The exhibit about the Forward was enthralling in a different way--interesting to see how important this newspaper became to new immigrants, especially its Bintel Brief (translated from "A Bunch of Letters"), which was an early advice column predating Dear Abby! It was also interesting for a politically liberal paper to give this advice to a man who wanted to marry a non-Jewish woman: "Don't do it. You will have nothing in common with her because of the difference in your backgrounds." So even though the focus of the paper was on helping immigrants assimilate, there was only so much assimilation actually acceptable.

Robert Moses was the middle child of a very assimilated family who most likely did not read the Forward.

Friday, May 25, 2007

A Satisfying Dinner

There is nothing better than a satisfying, home-cooked dinner with a glass of good wine (Lindemans Bin 65 Chardonnay 2005). I picked up some wild perch from Lake Victoria at Fairway today on my way home from the gym. I have vowed never again to eat farmed fish since I read that some farmed tilapia from Vietnam comes from the polluted Mekong Delta--eww!

Anyway, I adapted Emily's flounder recipe to cook the perch--here's how it goes: Marinate the fish in a shallow dish in which you have combined about a tablespoon each of lime juice and soy sauce. (You can also add some chopped parsley if you have it.) While that's marinating, saute 3 sliced button mushrooms in some oil, then put the fish and marinade atop the mushrooms, cover, and cook a few minutes until the fish is done and flakes easily. If you have company, increase the ingredients accordingly. Tonight I dined alone.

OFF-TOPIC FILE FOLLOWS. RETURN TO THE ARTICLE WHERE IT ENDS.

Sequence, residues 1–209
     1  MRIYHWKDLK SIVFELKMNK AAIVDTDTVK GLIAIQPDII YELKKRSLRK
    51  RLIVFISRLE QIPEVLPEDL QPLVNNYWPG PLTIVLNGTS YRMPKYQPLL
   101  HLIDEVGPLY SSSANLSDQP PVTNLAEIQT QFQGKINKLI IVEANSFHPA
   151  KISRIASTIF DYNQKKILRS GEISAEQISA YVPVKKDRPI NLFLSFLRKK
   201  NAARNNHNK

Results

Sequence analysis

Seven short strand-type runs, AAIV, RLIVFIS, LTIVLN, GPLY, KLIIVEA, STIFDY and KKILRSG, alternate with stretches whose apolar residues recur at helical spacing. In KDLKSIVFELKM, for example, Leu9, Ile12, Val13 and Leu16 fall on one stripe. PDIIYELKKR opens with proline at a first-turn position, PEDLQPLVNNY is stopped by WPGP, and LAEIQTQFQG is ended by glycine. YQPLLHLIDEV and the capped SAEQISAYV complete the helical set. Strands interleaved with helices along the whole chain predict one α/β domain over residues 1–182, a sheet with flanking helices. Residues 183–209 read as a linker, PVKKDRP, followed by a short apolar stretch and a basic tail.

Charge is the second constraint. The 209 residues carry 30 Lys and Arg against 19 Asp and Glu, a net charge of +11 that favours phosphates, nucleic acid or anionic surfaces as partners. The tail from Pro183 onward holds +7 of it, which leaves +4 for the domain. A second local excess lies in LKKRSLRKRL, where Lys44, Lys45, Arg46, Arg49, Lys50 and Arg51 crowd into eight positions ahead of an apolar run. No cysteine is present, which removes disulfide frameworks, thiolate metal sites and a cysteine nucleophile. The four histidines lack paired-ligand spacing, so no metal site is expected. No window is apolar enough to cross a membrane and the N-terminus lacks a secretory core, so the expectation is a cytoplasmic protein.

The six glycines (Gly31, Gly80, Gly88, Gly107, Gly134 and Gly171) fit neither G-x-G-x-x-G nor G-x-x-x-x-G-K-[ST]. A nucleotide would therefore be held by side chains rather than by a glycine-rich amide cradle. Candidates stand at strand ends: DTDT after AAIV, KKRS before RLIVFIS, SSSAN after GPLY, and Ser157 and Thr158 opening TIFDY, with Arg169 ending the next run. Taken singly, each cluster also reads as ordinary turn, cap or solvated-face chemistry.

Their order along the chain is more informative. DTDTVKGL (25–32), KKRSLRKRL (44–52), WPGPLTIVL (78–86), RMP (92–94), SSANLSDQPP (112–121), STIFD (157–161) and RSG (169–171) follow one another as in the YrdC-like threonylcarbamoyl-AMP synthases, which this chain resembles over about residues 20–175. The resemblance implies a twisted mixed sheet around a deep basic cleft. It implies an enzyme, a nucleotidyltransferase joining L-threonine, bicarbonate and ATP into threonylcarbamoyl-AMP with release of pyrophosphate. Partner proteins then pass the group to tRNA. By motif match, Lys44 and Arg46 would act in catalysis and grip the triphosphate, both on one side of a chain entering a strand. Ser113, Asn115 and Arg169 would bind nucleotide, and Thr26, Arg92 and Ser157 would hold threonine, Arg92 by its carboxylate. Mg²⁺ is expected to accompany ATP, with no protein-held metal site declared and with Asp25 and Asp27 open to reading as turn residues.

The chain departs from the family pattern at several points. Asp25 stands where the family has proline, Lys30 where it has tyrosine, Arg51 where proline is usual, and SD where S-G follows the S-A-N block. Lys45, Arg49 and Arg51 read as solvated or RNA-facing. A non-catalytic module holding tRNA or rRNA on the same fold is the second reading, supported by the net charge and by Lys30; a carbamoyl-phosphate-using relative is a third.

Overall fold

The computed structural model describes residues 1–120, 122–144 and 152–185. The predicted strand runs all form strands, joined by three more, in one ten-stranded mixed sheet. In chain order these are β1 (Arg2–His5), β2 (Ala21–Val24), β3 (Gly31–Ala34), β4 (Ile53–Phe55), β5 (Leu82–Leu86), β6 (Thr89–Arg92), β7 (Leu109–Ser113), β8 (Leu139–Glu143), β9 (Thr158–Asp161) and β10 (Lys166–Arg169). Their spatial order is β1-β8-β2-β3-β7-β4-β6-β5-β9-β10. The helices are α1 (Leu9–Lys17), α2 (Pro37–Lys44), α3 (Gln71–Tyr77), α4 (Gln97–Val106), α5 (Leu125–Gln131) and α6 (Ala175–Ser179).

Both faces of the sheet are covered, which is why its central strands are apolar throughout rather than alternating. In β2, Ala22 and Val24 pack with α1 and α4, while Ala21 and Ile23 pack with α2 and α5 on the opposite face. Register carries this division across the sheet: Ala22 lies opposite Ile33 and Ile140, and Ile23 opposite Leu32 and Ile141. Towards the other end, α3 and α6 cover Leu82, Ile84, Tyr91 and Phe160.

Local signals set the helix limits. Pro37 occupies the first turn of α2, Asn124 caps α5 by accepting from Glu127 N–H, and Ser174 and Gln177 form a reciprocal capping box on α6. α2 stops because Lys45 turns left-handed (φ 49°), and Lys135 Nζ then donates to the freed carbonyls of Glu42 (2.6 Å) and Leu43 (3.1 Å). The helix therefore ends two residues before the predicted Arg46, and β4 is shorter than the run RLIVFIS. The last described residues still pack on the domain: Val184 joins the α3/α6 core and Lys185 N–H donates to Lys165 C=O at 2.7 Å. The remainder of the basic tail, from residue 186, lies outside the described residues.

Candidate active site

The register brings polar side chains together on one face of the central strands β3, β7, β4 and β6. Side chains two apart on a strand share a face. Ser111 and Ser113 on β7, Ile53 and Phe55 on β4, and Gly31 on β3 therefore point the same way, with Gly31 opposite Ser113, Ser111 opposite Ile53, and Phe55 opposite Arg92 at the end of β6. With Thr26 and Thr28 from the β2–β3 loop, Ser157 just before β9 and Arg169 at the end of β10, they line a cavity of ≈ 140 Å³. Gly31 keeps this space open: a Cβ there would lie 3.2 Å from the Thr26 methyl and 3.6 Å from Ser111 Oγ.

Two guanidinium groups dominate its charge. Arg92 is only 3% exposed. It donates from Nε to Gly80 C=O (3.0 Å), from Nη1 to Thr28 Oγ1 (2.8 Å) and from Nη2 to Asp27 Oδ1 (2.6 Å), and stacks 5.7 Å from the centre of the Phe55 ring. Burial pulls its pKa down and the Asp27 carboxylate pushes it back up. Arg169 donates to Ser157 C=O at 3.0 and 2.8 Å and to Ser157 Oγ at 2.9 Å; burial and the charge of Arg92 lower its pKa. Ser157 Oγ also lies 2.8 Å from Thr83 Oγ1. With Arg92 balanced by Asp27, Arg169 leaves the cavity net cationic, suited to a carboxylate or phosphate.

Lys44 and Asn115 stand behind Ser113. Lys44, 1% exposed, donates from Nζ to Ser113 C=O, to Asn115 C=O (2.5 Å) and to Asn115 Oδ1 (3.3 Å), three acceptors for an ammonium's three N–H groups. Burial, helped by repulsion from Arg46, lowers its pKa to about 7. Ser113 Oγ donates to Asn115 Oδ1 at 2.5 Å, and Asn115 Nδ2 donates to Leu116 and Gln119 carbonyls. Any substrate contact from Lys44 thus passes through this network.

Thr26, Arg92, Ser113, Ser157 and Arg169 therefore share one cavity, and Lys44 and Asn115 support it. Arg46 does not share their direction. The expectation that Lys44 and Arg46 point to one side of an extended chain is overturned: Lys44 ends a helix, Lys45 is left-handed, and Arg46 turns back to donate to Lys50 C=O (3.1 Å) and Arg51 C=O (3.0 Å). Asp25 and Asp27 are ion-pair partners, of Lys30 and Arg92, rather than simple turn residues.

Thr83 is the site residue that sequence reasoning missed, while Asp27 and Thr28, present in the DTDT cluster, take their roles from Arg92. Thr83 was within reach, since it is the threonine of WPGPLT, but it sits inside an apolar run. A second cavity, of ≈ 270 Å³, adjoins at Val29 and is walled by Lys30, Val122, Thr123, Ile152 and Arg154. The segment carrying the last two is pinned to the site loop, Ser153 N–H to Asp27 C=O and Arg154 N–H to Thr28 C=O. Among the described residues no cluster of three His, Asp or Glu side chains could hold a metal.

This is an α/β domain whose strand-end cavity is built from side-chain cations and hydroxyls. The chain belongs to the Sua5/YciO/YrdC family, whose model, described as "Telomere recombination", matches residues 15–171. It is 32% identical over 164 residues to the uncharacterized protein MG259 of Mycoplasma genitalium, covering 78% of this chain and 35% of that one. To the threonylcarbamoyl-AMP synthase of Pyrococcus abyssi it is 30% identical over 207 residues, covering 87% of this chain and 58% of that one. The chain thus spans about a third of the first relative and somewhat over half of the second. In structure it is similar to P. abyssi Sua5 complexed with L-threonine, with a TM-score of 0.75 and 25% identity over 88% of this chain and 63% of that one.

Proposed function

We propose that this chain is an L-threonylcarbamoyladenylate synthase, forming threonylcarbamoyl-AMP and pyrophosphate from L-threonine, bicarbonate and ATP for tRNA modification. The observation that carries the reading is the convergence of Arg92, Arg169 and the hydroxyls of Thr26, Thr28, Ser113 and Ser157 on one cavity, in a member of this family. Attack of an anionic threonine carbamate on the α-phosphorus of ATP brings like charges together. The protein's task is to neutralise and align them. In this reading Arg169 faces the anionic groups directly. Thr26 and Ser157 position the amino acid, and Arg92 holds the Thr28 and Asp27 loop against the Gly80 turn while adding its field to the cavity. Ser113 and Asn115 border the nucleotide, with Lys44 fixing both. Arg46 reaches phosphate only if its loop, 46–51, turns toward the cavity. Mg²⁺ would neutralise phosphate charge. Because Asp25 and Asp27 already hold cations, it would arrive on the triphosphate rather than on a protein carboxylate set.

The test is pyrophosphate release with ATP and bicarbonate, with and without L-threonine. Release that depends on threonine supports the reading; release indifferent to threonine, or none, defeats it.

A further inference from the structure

I also took the rest of the baby carrots and asparagus and roasted them with a little olive oil in the meantime. After they were done, I sprinkled them with Chef's Salt (a homemade mixture of late chef Louis Szathmary consisting of 1 cup salt, 1 tablespoon Spanish or Hungarian paprika, 1 teaspoon freshly ground black pepper, 1/4 teaspoon white pepper, 1/4 teaspoon garlic salt). This makes a lot, but never fear--it doesn't spoil and is especially wonderful on scrambled eggs.

I could really taste the difference between this wild fish and the farmed fish I had the last time I made this--long live all wild things!

Thursday, May 24, 2007

Unreasonable Hope

It's a beautiful spring evening here in New York. Sometimes when the weather gets warm I get a little restless and even though I've had a full day, the urge to go out and savor the energy of warm weather by immersing myself in it overtakes me. And so it did tonight.

The new season fills me with unreasonable hope--despite the fact that someone whose ad I answered never called when he said he would (probably dealing with all the other responses he's gotten that have turned his head), twice disappointing me. But the disappointment is softer than it used to be--as I said, unreasonable hope! Maybe that's the only kind of hope there is.